Where there is indifference and apathy, there too is ataraxia, the perfect and unruffled serenity of the mind, If in act, word, and thought an entire suspension of judgment be maintained, then do wre possess an independent freedom, an unroutable calm.
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“Live so simply that pleasure when it come may seem even more exquisite than it is.” Epicurus.
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As for ambition, what is it but a desire for an existence in the minds of other people a desire which when fulfilled is a mockery and unfulfilled a tomb? And besides to what does success lead? To honour, glory, and wealth? But these things are sepulchres, not happiness.
In the animal and lower human world and wherever the creature is incapable of realizing the perfect love (which indeed transforms into God) – Nature in the purely physical instincts does the next best thing, that is, she effects a corporeal union, and so generates another creature who by the very process of his generation shall be one step nearer to the universal soul and the realization of the desired end. And nevertheless the moment the other love and all that goes with it is realized the natural sexual love has to fall into a secondary place – the lover must stand on his feet and not on his head – or else the most dire confusions ensue, and torments a union.
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Taking all together it may be fairly said that the prime object of sex is realization of unity, the physical union as the allegory and expression of the real union, and that generation is a secondary object or result of this union. From the protozoic cells to the very highest expression of sex, we find that Love takes the form chiefly and before all else of a desire for union, and only in lesser degree of a desire for race-propagation.
Thus propagation of species is not the primary object of Nature.
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Man as described by Quotrefages, is a “religious animal.”
Familiarly Brahma is the spider drawing from his breast the threads of existence.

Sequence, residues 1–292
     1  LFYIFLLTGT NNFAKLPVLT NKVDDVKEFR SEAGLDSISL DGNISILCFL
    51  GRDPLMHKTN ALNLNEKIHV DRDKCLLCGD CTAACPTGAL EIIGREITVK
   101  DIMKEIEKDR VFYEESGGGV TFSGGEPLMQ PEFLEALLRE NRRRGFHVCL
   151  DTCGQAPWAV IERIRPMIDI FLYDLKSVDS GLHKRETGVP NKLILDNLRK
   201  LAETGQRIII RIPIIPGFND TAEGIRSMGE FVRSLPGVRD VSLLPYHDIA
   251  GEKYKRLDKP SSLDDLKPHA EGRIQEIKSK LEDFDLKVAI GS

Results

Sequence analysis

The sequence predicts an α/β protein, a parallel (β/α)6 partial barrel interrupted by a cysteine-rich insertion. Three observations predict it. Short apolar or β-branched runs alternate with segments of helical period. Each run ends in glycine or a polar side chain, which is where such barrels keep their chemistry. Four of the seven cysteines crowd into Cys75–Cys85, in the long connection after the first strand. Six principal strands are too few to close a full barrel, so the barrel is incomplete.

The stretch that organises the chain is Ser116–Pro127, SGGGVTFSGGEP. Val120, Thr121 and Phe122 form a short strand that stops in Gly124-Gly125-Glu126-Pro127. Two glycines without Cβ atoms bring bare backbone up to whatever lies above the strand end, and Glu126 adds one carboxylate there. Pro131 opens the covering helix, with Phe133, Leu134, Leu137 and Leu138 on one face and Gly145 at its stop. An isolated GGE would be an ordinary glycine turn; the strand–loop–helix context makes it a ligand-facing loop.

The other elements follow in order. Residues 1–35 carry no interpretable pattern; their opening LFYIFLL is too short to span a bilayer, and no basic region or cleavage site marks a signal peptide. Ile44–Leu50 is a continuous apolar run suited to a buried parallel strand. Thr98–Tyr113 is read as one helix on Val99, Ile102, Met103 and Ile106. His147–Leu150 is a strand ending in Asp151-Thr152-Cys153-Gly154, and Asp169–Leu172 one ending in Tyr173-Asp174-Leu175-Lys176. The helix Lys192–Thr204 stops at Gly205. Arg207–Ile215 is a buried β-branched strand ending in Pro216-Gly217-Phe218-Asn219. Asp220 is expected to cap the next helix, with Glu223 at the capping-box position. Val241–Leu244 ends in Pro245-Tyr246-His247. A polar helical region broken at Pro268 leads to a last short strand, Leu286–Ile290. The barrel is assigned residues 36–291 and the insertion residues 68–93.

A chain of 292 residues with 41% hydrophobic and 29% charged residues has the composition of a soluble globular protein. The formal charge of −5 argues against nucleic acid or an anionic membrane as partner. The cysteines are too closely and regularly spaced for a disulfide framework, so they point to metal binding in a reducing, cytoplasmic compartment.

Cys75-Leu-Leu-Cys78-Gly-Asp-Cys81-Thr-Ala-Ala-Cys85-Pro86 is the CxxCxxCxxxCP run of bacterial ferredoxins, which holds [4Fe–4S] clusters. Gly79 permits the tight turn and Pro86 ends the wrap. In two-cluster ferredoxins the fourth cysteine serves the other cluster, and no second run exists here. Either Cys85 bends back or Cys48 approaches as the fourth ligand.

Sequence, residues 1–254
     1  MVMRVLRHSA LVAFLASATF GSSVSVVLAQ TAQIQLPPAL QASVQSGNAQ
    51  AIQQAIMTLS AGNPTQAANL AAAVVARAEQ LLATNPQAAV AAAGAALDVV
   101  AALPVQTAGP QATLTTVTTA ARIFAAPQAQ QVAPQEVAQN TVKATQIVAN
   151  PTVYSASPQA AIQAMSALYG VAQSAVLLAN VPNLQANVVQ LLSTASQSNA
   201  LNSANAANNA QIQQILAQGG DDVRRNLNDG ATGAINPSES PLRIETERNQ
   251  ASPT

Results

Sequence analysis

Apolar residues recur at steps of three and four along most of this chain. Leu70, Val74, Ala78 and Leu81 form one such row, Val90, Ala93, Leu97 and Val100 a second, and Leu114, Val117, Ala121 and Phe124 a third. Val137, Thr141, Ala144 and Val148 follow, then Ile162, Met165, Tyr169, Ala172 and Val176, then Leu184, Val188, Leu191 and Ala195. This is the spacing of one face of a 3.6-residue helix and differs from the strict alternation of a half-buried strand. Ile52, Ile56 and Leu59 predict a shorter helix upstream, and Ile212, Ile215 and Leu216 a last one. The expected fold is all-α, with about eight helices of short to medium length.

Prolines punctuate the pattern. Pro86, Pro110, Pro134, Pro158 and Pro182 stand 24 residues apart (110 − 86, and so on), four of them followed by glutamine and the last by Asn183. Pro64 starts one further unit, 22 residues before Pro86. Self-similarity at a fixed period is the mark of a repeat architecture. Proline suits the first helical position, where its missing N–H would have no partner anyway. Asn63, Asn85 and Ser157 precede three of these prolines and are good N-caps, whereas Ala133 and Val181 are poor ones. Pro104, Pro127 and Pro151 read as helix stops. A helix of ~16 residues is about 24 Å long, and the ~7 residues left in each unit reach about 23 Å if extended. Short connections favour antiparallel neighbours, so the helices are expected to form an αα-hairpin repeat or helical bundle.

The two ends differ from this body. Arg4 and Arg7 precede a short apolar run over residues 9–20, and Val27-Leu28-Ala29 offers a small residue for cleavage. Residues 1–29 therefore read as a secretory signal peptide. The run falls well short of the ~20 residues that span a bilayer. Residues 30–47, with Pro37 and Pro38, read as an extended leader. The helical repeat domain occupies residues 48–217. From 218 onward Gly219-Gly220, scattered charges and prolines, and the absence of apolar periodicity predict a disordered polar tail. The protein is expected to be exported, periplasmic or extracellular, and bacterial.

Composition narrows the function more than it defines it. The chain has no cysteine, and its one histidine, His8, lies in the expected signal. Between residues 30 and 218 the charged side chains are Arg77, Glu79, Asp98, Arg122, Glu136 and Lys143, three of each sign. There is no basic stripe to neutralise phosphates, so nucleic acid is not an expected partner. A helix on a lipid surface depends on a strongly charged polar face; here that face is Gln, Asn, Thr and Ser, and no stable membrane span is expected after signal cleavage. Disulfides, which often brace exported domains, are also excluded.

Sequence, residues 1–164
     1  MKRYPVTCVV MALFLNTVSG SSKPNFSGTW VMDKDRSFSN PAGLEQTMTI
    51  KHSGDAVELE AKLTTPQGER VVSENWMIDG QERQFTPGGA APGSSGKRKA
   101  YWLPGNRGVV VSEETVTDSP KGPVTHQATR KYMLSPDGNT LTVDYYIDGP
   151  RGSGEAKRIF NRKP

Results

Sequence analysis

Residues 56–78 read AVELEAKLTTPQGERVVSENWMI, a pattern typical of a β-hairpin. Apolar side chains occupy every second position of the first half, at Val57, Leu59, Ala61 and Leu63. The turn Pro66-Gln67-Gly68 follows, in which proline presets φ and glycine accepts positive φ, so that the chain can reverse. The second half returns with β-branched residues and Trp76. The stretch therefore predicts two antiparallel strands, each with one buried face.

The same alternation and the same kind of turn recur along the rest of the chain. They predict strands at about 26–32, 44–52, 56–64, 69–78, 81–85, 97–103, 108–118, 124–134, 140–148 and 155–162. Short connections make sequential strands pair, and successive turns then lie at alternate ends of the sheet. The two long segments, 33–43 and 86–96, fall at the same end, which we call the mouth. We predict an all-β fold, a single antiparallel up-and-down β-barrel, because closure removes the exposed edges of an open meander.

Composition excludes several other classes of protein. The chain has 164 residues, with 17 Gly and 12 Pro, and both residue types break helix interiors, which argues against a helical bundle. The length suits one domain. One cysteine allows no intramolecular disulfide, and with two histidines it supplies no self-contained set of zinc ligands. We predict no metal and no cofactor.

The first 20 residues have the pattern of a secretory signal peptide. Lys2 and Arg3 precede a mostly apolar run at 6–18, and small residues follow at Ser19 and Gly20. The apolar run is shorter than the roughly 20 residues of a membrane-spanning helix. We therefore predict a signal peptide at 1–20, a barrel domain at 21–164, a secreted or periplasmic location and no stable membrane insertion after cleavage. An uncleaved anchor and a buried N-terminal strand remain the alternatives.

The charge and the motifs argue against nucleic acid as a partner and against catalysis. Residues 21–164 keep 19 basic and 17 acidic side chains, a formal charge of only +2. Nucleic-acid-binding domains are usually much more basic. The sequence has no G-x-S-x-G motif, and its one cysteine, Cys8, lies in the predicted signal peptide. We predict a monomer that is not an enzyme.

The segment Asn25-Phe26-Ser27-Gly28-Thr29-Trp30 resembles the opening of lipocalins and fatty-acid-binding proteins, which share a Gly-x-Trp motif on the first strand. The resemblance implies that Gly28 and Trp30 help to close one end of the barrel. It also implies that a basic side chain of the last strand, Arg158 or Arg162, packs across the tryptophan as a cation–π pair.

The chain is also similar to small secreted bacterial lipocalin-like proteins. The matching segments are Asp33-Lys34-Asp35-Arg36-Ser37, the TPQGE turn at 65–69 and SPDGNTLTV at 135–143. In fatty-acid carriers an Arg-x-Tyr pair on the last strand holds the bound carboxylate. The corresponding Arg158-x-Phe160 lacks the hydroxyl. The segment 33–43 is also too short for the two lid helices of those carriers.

Emblematically a triangle inscribed in a circle.
Poetically the self-existing supremacy that is enthroned on a lotus of azure and gold; and Theologically the one really existing essence, the eternal germ from which all things issue and to which all things at last return.
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Revolutions are created not by the strength of an idea but by the intensity of a sentiment.
By the very necessity of the case nobody can live without activity or work. A child has no motives and objects and purposes to accomplish, yet it is never at rest, is all the time up to something.
So, work you must do, but Vedanta requires of you to look upon all work as mere play, nothing serious or important about it.
Hit hard, play your part manfully, but wait not for the event or end to bring you joy, satisfaction, let every stroke and blow be happiness personified or a messenger of Divine bliss.
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If putting aside for a moment all convention and custom, one looks quietly within himself, he will perceive that there are most distinct and inviolable inner forces binding him by different ties to different people, and with different and inevitable results that there is in fact in that world of the heart a kind of cosmical harmony and variety and an order almost astronomical. This is noticeably true of what may be called the planetary law of distances in the relation of people to one another. For of some of the circle of one’s acquaintance it may be said that one loves them cordially at a hundred miles’ distance; of others that they are dear friends at a mile; while others again are indispensable far nearer than that. If by any chance the friend whose planetary distance is a mile, is forced into closer quarters, the only result is a violent development of repulsion and centrifugal force, by which probably he is carried even beyond his normal distance, till such time as he settles down into his right place; while on the other hand if we were separated for a season from one who by right is very near and who Ave know belongs to us, Ave can bide our time, knowing that the forces of return will increase with the separation.
So marked indeed are these and other such laws that they sometimes suggest that there really is a cosmic world of souls, to which Ave all belong and that our terrestrial relations are merely the working out and expression of far antecedent and unmodifiable facts an idea which for many people is corroborated by the curious way in which often at the very first sight they become aware of their exact relation to a new-comer. In some cases it brings with it a strange sense of previous intimacy, hard to explain; and in other cases, not so intimate, it still will seem to fix almost instantaneously the exact propinquity of the relation.
Yet this mean distance does not vary during the whole time, so to speak, by a single hair’s breadth.